EVERY once in a while, something – a book, a short New York Times story, an n+1 essay – appears by a mysterious character named Benjamin Nugent, and damn if every time it isn't funny, smart and insightful.
Now Nugent – who I’ve interviewed over the years on Elliott Smith, songcraft, and the history of nerd-dom – has a new novel called Good Kids. All I can tell you so far is that its opening chapters have some of the best, most well-observed writing I’ve seen on the blurry mystery of teenage-dom: I expect the publisher and reviewers will compare the novel to Noah Baumbach’s movie The Squid and the Whale, and not just for its kid's eye view of marital discord.
Nugent lived from time to time in Los Angeles during the oughts, which included, I think, a hipster/celebrity brush with greatness I will not get into here. Now back in his native New England, where he lives in Somerville and teaches at Southern New Hampshire University, Nugent happily walked down memory lane a bit for us here at the Misread City. He’s at Vroman’s in Pasadena on Thursday night.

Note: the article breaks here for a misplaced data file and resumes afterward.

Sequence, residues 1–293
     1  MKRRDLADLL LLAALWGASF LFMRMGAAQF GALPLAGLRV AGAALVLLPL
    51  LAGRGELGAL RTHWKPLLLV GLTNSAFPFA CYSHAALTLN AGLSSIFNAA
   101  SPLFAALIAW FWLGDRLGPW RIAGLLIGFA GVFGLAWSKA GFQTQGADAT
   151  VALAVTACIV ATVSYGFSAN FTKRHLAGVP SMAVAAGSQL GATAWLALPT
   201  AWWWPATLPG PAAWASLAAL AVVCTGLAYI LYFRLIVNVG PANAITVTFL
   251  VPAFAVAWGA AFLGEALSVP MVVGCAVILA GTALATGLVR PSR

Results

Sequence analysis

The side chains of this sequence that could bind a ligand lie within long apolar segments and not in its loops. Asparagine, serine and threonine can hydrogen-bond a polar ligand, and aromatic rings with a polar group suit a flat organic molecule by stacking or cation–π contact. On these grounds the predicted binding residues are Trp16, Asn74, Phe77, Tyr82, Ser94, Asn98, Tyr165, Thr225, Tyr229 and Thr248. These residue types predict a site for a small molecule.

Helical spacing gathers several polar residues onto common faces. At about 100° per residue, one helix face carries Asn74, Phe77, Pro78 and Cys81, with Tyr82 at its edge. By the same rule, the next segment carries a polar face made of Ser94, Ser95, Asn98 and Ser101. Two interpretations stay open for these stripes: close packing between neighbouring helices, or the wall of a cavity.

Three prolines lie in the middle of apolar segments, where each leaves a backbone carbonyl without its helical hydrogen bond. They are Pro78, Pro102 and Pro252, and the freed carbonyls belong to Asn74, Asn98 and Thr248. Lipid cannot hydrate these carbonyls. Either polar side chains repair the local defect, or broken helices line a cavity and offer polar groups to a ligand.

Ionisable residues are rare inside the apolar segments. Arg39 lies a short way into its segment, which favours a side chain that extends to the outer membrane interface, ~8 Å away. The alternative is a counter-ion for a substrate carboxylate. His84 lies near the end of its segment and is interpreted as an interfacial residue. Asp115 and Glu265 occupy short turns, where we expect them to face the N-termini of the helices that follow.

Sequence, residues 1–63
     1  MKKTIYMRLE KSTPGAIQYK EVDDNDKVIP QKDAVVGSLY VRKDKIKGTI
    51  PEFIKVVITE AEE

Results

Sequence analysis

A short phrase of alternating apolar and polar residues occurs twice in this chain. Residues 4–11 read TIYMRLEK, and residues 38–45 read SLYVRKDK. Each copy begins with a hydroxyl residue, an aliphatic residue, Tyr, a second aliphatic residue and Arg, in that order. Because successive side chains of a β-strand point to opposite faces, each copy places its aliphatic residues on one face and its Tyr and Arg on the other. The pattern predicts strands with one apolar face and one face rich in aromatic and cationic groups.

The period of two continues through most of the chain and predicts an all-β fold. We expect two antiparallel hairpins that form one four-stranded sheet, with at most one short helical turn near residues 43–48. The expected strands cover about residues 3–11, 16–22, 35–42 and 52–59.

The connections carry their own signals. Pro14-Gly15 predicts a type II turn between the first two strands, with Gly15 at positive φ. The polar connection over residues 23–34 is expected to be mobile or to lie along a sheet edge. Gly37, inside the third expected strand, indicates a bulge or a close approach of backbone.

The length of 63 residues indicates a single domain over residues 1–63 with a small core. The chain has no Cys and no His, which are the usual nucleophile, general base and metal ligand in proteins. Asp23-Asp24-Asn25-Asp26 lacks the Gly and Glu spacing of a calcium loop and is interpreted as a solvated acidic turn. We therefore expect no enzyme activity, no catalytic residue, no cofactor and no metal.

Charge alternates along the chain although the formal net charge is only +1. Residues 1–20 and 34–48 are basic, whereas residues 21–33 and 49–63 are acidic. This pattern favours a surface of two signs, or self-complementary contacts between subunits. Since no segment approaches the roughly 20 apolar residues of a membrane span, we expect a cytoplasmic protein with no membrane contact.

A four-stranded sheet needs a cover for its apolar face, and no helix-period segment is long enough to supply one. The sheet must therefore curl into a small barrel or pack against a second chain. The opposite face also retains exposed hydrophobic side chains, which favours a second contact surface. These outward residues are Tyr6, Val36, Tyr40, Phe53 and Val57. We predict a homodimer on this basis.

So what years did you live in LA, and how did that time shape or influence your book?
I bounced back and forth between LA and New York from 2003 to 2009. LA was a dominating influence on Good Kids. I grew up in Amherst, Massachusetts, a college town with an insular culture that followed its own peculiar codes. And it looked like a place that lived by its own closed system of rules. It valued decreptitude and liberalism and Jungian self-scrutiny.
But LA fascinated me because it was this anarchic miasma of a place, a massive spill of broken glass glimpsed from a plane. And yet the little world of people I knew in TV and music was an insular brother/sisterhood, just like Amherst, with its own initially inscrutable codes. There's a scene in Good Kids at Disney Concert Hall downtown where everybody runs into each other watching Joanna Newsom play with the Philharmonic, and I loved writing it. I was intrigued by this tribe that drew together accidentally from time to time, despite being dispersed across a thirty-mile zone.
Now that you are relocated back to New England, what do you miss most from our shores?
The smell of the hills in Silver Lake; it's like really strong weed mixed with really healthy cat pee.